My hypothesis is that the six days of Genesis 1 refer to six "observer-driven" events. The first two involve the emergence of what the Bible calls "angels" and "demons." I don't expect anyone reading this to buy into that, but I do note that the existence of immaterial intelligences would explain why anybody should bother with anything the book of Genesis says. If there are intelligent aliens (of any sort) and if they have ever communicated with humans, that communication is worth examining. My proposal  explains where the aliens came from and how they have communicated with us--but this part is not a "scientific" hypothesis because there is no way to test it.

The scientific part kicks in with the third through sixth days of Genesis, which deal with biological life. According to my hypothesis, plant life emerged on some other planet on Day Three--and these plants were "observers." Imagine a sentient pomegranate on a distant planet, drinking in sunshine and pondering the meaning of life. It's a peaceful scene, although an intelligent fruit isn't able to "observe" much beyond its own consciousness, and therefore has little effect on the overall unfolding of the quantum cloud.

Pollen grains are fascinating items--I will spare my readers any discussion of the "alternation of generations" or the interstellar potential of such genetic carriers. It is enough to suggest that pollen grains could seed an entire galaxy with life in a version of panspermia. A single haploid pollen grain falling into a lifeless ocean might colonize an entire planet. If two haploid units came together into the full diploid form, the sentient fruit would cause the system to collapse into a form capable of supporting multicellular life, but would not otherwise affect its environment.

In Genesis, Day Four describes the appearance of the sun and moon, with stars for "signs and seasons." In my hypothesis, this event occurred during the Cambrian explosion when a squid-like creature looked up through its remarkable eye and saw the skies. Octopi are fantastically intelligent--but have tragically short life-spans.  For one reason or another, the first octopus observer was also the last--and since then, octopi have been bait for faster predators.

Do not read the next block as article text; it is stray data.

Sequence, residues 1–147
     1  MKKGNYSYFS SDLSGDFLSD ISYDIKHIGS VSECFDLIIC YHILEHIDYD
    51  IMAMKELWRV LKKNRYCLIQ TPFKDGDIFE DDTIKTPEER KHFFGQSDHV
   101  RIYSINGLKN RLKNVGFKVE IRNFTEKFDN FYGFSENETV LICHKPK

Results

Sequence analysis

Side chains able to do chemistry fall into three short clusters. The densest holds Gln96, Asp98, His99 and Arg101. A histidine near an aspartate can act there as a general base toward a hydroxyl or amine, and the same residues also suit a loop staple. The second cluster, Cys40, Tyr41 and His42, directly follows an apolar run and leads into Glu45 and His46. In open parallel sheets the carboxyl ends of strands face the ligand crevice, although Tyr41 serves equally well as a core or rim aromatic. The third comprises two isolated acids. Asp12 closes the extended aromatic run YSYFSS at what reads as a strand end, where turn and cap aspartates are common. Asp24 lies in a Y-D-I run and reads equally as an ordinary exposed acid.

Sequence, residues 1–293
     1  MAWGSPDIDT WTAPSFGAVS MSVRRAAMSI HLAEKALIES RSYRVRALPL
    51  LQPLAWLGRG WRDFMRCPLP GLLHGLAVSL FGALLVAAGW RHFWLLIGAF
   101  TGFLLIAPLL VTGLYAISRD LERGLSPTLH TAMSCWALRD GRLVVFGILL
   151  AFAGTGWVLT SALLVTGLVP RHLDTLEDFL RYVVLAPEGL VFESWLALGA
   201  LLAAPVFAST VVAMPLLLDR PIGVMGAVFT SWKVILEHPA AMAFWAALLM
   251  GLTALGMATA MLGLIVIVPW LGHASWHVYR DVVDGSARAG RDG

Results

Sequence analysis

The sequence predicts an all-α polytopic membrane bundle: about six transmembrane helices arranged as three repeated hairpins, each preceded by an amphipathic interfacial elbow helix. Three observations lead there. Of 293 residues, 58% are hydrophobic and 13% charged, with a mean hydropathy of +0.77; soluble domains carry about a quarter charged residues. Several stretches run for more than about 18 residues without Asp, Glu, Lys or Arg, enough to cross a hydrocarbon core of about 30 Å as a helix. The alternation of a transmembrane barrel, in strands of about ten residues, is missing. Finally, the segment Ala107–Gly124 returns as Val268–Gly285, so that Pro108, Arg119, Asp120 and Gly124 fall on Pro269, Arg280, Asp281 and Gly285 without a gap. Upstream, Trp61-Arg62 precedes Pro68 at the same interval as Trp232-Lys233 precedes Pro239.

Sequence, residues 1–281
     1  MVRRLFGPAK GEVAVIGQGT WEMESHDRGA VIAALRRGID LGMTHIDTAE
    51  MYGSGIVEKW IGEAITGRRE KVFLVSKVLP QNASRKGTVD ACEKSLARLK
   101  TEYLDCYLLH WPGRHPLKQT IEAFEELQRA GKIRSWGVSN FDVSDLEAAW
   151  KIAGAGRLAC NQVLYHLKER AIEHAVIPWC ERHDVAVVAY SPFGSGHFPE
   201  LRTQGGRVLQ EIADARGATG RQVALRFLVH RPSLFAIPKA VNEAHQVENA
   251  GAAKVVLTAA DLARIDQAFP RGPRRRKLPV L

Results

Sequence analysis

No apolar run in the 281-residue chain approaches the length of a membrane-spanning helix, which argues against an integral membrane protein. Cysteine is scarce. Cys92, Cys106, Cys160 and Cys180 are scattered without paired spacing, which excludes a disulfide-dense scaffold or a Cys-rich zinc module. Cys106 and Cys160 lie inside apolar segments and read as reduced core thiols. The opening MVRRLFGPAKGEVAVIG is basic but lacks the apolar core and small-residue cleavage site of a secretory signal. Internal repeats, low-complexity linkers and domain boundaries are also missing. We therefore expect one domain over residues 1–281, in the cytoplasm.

Day Five of Genesis says the oceans swarmed with fish and the skies with birds. Parrots are as intelligent, in their way, as any other animal. An African Grey  parrot named Alex was able to count, do simple arithmetic, and use words in context. In my hypothesis, birds arose before the therapsid dinosaurs, which are their simple-minded, warm-blooded descendants.

On Day Six, humans and other land animals arose. I picture a set of footsteps across a sandy beach of the Black Sea punctuated by an instant in which a hominid became a human. I'll skip the scene where a human and a "serpent" and a fruit tree come together--that's religion, or history, or both--in order to explain why all this is science.

Testing the Punctuated Participatory Anthropic Hypothesis

Science can be tested by experimental means. Other ideas, no matter how closely associated they may be with scientific knowledge, are philosophy (or theology), not science. Thus, the claim that the universe consists exclusively of space, time, matter, and energy is a philosophical statement, not a scientific statement--because it cannot be put to a scientific test.

By contrast, the claim that birds were created after squids but before humans in a punctuated participatory anthropic fashion is testable. Observer-driven evolution (ODE) has a distinct pattern of development which is quite different from neo-Darwinian evolution (NDE). ODE is characterized by a statistically-impossible accumulation of changes leading to intelligence, with "adaptive radiation" outwards from the main line of evolutionary advance. It "looks" like an umbrella, with a handle going "up" and species all coming "down" from the most advanced line. NDE is characterized by  broad horizontal diversity with agonizingly slow upward creep--visually, a very wide upside-down pyramid.

In the past, there wasn't much scientists could do to tell whether living species better fit the umbrella or upside-down pyramid model, but DNA sequencing now enables us to see which model is the better fit. Michael Denton's 1985 book, Evolution: A Theory in Crisis, did not have the punctuated participatory anthropic hypothesis to guide his work, but he notes a number of anomalies that led him to question the neo-Darwinian model. I submit that the evidence Denton noted supports the punctuated participatory anthropic model and suggests further study along those lines.


Genetic comparison of mammalian, avian, and cephalopod fossils and DNA could support or undermine these fundamentally different models of evolution. If the evidence does suggest that birds came first and that octopus eyes are genetically related (not merely functionally similar) to mammalian eyes, then perhaps we should reexamine human stories of occult events. It may turn out that ghost stories are evidence, too.